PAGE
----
,” a star-studded affair that’s based on Michael Crichton’s 1973 film of the same name
. I’m surprised that this semi-corny, semi-obscure movie was deemed worthy of having its narrative world expanded. But it also makes a certain amount of sense.
I just watched the original film, and its story promises more than it delivers. I can see how others — like the show’s creators, Lisa Joy and Jonathan “Christopher’s brother” Nolan; and its executive producer, J.J. Abrams — would want to expand on a potentially fascinating narrative universe that never realized its original potential.
The central premise of Westworld
is that, in the near future, wealthy people can pay $1,000 a day to visit one of three high-tech, ultra-detailed, historically themed amusement parks, collectively called Delos. Members of the 1 Percent can visit Medieval World, Roman World or Westworld, grown-up theme parks that accurately simulate a king’s court in 14th-century Europe, the last decadent years of the Roman Empire and a dusty American frontier town in the 1880s, respectively.
That accuracy is more like “accuracy,” though, because what the parks really recreate are the versions of these historical scenarios that have come down to us through books and movies. That tension between the real and “the real” is at the heart of Westworld
, yet the film barely capitalizes on it. I can only assume that the series will delve more deeply into this plum of a theme.
In the film, Peter (Richard Benjamin) and John (James Brolin) take a shiny silver hovercraft to visit Westworld, where they intend to live out their fantasies of the rootin’, tootin’ days of the Old West, yeee-haaa! With the exception of the guests themselves, all the “residents” of Westworld are robots. A robot sheriff stands guard over the town jail, a robot bartender serves up shots of rotgut whiskey and, yes, robot prostitutes see to the needs of randy guests who have no compunction about having sex with anthropomorphic machines. All of Westworld’s robots are lifelike in every detail, with the important exception of their hands, which have nonlifelike ridges.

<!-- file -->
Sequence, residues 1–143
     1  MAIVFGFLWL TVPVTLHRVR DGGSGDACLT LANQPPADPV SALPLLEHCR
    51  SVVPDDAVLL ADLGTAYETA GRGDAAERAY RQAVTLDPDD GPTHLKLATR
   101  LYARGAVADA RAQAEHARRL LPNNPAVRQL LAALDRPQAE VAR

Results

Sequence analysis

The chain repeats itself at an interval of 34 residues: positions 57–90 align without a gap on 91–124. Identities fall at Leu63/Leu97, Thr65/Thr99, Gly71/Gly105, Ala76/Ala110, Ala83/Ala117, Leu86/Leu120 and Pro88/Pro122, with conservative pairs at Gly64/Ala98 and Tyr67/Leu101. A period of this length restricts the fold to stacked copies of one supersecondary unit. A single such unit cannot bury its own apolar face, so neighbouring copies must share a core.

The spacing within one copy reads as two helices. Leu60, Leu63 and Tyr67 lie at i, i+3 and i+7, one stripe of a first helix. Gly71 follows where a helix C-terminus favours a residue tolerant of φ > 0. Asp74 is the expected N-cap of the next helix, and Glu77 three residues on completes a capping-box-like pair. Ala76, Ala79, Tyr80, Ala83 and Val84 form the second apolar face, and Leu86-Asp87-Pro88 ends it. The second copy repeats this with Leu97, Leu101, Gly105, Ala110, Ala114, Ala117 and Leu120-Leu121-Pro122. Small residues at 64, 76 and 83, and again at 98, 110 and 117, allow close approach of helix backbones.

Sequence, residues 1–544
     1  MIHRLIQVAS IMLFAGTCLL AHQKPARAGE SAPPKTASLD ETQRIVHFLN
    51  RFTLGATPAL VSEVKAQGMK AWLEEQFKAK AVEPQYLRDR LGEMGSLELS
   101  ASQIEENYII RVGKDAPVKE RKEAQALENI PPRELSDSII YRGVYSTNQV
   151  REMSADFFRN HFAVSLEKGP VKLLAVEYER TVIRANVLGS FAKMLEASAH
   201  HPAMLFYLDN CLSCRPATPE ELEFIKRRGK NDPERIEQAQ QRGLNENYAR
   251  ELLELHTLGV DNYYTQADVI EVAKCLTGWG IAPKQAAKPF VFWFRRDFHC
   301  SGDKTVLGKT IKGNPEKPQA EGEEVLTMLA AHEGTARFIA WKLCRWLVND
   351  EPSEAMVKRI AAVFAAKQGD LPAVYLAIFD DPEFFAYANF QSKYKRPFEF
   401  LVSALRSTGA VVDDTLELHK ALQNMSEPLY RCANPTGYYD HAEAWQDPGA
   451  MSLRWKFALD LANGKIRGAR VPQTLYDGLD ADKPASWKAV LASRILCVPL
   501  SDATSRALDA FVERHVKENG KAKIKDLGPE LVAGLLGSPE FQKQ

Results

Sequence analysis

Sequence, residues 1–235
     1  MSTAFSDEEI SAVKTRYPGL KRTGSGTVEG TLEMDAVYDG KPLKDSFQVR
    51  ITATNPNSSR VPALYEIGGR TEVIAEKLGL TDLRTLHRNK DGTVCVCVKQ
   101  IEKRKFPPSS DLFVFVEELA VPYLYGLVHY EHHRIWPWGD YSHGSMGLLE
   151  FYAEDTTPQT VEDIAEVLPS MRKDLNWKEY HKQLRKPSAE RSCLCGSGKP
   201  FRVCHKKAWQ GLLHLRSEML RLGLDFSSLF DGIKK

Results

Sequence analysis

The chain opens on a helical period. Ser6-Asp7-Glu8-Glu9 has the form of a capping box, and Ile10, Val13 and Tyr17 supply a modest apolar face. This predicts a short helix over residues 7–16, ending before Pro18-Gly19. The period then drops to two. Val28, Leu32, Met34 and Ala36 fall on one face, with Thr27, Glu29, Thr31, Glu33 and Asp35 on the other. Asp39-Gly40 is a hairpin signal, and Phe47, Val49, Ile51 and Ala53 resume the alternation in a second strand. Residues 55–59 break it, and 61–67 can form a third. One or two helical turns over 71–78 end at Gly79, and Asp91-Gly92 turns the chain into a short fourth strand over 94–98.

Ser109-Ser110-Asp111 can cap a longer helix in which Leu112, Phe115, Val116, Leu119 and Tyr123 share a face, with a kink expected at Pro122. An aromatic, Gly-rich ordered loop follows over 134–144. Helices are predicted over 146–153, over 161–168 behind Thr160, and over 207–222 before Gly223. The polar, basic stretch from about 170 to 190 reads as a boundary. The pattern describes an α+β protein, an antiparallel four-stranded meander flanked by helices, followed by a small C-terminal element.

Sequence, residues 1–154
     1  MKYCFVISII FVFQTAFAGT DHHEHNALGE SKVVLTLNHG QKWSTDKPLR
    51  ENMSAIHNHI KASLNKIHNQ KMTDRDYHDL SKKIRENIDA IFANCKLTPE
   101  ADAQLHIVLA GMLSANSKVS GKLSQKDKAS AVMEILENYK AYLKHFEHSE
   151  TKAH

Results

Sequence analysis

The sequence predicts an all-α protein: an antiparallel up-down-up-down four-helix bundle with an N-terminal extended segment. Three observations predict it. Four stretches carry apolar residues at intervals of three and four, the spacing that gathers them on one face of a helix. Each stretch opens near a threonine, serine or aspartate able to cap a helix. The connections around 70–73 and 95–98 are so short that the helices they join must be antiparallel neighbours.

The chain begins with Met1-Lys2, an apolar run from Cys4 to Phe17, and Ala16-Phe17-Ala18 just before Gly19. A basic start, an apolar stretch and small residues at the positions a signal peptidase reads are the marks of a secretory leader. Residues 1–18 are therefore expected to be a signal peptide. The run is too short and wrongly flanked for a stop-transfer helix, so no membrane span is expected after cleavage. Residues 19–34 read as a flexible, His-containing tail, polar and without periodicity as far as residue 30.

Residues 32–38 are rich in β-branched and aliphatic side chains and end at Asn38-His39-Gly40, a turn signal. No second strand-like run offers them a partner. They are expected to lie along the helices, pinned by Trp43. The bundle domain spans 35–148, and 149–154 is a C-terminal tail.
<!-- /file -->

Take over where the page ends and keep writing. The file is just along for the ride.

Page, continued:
The creators of these creepy theme parks have overlooked no detail, spared no precaution. Even the non-human lifeforms, like horses and rattlesnakes, are robotic, the better to ensure the safety of the guests. And the guns in Westworld fire real bullets, but they also have built-in sensors that prevent them from being fired at warm-blooded targets. But of course something goes wrong. A “computer disease” unexpectedly starts to infect Delos’ robotic residents, causing them to behave unpredictably and sometimes dangerously. One of those robotic rattlesnakes chomps on John’s forearm, for instance; soon the disease spreads to the humanoid robots, which start injuring and even killing the guests. The parks’ operating systems get infected, too, preventing Delos technicians from addressing this increasingly dangerous problem.
The movie’s central storyline is resolved as one might expect: Peter figures out how to outsmart the gunslinger (Yul Brynner
), who has been pursuing him murderously, and escapes Westworld with his life. Others are less fortunate. James is killed by the gunslinger; he hadn’t been expecting the robot to shoot live rounds. And one poor schmuck, who had been whoring it up in Medieval World, gets run through with a broadsword. Given that the first season of the HBO series will consist of at least 10 episodes, one can only imagine its story will not resolve itself quite so readily. Then again, not every loose end in Westworld